12. That "science is value free" is readily conceded, even proudly proclaimed, by working scientists, including scientists who lend their expertise to public policy formulation. However, the claim that "science is value-free" is a half-truth, and like many half-truths, is troublesome for the credence that the truthful half lends to false. It is true that the content of science is "value free" -- the rules of science proscribe the use of such normative words as "ought" and "good." The scientists seeks "just the facts, ma'm." However, the activity of science is value laden, in that the virtues of honesty and openness are also implicit in the rules. Jacob Bronowski makes this point with great eloquence in his excellent little book, Science and Human Values:

"By the worldly standards of public life, all scholars in their work are of course oddly virtuous. They do not make wild claims, they do not cheat, they do not try to persuade at any cost, they appeal neither to prejudice or to authority, they are often frank about their ignorance, their disputes are fairly decorous, they do not confuse what is being argued with race, politics, sex or age, they listen patiently to the young and to the old who both know everything. These are the general virtues of scholarship, and they are peculiarly the virtues of science....

"The values of science derive neither from the virtues of its members, nor from the finger-wagging codes of conduct by which every profession reminds itself to be good. They have grown out of the practice of science, because they are the inescapable conditions for its practice.(13)

13. Ibid., 58-60.

14. One of President Reagan's first official acts, in February, 1981, was to require that all agencies of the federal government justify new regulations with cost-benefit analyses. (Executive Order 12,291). For more about the enticements and the shortcomings of cost-benefit and other economic analyses of public policy, see my "The Moral Uses of Future Generations," Ethical Questions for Resource Managers, edited G. Reeves, D. Bottom, M. Brooks, Forest Service, USDA, January 1992. Also my unpublished "Policy Making by the Numbers," presented at the Morris Colloquium at the University of Colorado, June, 1983. While other critiques of cost-benefit analysis are too numerous to mention, the best, in my opinion, are Mark Sagoff's The Economy of the Earth, (Cambridge University Press, 1988), especially Chapters 1-5; Lawrence Tribe's "Policy Science: Analysis or Ideology?" Philosophy and Public Affairs, 2:1 (Fall, 1972); and Tribe, Schelling and Voss (eds)., When Values Conflict, (Ballinger, 1976).

15. Lest I be accused of propping up a straw man, I will let some proponents speak for themselves: First, "In principle, the ultimate measure of environmental quality ... is the value people place on these ... services or their willingness to pay." (Freeman. Haveman, and Kneese, The Economics of Environmental Policy, (1973, p. 23). Then A. Myrick Freeman again: "To the economist, the environment is a scarce resource which contributes to human welfare. The economic problem of the environment is a small part of the overall economic problem: how to manage our activities so as to meet our material needs and wants in the face of scarcity." The Ethical Basis of the Economic View of the Environment, Center for the Study of Values and Social Policy, University of Colorado (1983).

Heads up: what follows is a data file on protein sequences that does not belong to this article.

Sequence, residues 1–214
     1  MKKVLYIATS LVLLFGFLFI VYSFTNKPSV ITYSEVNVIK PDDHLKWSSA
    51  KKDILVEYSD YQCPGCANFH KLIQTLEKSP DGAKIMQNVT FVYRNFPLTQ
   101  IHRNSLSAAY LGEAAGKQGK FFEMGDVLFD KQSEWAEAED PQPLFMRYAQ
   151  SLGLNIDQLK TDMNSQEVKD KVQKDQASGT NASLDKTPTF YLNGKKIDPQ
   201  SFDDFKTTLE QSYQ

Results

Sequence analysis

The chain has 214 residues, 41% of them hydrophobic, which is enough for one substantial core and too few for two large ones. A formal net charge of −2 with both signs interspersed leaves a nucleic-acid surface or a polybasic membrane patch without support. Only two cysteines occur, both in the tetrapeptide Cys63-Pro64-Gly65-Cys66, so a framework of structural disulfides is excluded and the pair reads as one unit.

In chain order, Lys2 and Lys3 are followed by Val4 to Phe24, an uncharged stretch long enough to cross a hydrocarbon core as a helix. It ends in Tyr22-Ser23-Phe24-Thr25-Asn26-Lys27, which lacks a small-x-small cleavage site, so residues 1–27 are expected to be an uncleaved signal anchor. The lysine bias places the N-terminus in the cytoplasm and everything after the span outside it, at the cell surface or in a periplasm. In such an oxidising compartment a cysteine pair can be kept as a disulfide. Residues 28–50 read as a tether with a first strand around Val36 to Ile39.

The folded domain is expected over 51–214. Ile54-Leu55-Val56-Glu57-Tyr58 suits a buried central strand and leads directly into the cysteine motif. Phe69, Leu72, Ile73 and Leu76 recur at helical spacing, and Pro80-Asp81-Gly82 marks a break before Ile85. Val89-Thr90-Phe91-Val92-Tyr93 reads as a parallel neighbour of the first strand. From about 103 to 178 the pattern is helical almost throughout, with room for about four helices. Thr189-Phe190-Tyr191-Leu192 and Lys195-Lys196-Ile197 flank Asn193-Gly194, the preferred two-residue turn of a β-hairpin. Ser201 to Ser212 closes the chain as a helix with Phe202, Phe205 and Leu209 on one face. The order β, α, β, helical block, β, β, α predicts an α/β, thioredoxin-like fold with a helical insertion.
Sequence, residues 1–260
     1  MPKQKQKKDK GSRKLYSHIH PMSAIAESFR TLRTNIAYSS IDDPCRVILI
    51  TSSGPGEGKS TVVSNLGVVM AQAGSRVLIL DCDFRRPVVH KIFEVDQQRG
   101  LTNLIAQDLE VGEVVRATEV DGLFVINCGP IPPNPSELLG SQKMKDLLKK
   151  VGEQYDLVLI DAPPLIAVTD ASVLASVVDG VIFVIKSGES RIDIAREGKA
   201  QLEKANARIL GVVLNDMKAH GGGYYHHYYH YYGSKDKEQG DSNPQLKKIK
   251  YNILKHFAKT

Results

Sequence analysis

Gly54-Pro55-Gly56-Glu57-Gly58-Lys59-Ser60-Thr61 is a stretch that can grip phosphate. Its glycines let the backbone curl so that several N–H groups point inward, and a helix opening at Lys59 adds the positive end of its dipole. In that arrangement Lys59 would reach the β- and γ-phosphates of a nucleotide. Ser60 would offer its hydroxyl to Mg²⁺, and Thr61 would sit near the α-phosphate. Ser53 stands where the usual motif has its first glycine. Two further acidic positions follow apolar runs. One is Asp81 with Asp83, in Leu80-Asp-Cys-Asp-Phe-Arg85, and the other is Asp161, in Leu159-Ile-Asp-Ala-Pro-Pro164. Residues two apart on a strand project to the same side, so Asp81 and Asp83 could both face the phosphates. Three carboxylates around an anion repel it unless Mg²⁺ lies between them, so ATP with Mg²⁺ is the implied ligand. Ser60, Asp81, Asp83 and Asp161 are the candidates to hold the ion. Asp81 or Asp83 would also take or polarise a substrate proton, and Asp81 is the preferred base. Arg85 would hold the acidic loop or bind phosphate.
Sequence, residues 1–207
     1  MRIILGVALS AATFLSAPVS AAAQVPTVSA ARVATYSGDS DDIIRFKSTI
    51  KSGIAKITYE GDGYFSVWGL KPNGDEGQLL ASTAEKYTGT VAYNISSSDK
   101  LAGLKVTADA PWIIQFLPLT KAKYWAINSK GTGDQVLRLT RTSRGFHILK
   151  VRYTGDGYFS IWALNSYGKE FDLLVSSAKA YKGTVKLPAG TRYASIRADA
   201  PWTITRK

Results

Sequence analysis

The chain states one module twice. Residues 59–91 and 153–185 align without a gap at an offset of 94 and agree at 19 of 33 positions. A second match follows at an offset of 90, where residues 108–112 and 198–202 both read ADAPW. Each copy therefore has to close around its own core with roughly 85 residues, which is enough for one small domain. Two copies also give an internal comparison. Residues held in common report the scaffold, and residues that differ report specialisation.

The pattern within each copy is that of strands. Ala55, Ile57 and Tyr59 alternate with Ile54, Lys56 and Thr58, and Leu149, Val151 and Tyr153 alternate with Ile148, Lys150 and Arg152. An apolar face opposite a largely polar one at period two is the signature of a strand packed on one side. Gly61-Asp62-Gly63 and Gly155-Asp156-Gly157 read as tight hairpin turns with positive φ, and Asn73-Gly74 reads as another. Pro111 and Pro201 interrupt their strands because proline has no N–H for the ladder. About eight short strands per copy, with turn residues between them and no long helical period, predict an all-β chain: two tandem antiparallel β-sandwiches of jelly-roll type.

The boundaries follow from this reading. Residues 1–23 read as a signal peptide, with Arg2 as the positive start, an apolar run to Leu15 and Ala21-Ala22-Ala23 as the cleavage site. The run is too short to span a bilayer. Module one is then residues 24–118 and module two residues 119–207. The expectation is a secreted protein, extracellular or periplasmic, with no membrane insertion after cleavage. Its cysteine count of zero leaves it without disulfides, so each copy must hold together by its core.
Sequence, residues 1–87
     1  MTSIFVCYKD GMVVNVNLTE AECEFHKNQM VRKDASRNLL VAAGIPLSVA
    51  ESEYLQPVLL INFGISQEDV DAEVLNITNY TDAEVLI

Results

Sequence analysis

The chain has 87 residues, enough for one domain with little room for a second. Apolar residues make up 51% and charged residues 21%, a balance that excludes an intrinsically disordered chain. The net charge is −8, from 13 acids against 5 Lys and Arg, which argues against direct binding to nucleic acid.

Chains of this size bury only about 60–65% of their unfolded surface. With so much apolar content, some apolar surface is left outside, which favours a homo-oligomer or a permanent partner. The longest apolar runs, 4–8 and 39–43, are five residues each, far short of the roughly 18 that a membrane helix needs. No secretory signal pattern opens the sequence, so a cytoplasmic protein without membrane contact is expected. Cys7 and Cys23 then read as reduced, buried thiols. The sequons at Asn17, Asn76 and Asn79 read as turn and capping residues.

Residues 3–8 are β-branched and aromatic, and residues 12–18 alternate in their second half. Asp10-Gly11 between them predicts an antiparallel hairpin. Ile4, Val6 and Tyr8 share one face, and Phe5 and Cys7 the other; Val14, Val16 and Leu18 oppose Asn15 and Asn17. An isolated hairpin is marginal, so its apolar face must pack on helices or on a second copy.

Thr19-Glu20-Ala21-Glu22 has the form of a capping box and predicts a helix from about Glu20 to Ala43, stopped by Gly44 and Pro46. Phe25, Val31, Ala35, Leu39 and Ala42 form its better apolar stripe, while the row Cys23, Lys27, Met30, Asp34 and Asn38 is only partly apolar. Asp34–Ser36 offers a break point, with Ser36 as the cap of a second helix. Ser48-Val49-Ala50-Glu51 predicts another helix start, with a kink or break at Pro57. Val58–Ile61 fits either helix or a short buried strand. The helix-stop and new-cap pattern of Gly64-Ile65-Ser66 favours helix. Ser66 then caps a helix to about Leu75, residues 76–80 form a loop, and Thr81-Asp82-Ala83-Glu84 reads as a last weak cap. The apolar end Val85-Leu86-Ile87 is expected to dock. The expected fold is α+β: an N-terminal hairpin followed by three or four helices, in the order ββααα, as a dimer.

16. Mark Sagoff, The Economy of the Earth, Cambridge University Press, 1988, p. 52.

17. February, 1968, Iowa State University. I transcribed these words from the voice of Sen. Kennedy, as broadcast on National Public Radio's "All Things Considered." nd.

18. Jefferson's substitution of "the pursuit of happiness" for Locke's "property," suggests that Jefferson was less interested than Locke in the economic aspects of his political theory.

19. See in particular my "Nature as a Moral Resource," Environmental Ethics, 6:2 (Summer, 1984); "Are We Ready for an Ecological Morality," Environmental Ethics, 4:1 (Summer, 1982); "Why Care About the Future?" in Responsibilities to Future Generations, (ed. Partridge), Prometheus Books, 1981; "Values in Nature," Philosophical Inquiry, 8:1-2 (Winter-Spring, 1986).

20. "Are We Ready for an Ecological Morality," Environmental Ethics, 4:1 (Summer, 1982).

21. Michael Scriven, Primary Philosophy, (New York: McGraw-Hill, 1966), p. 240.

22. Paul Shepard, "Ecology and Man -- A Viewpoint," The Subversive Science, ed. Paul Shepard and Daniel McKinley, Houghton-Mifflin, 1969, p. 4.

23. Ibid, p. 2.

24. Holmes Rolston III, "Is There an Ecological Ethic?," Ethics, 85:2 (January, 1975), p. 101.

25. David W. Orr, Earth in Mind, Island Press, 1994. p. 7.


Dr. Ernest Partridge is a consultant, writer and lecturer in the field of Environmental Ethics and Public Policy. He has taught Philosophy at the University of California, and in Utah, Colorado and Wisconsin. He publishes the website, "The Online Gadfly" (www.igc.org/gadfly) and co-edits the progressive website, "The Crisis Papers" (www.crisispapers.org).  Dr. Partridge can be contacted at: gadfly@igc.org .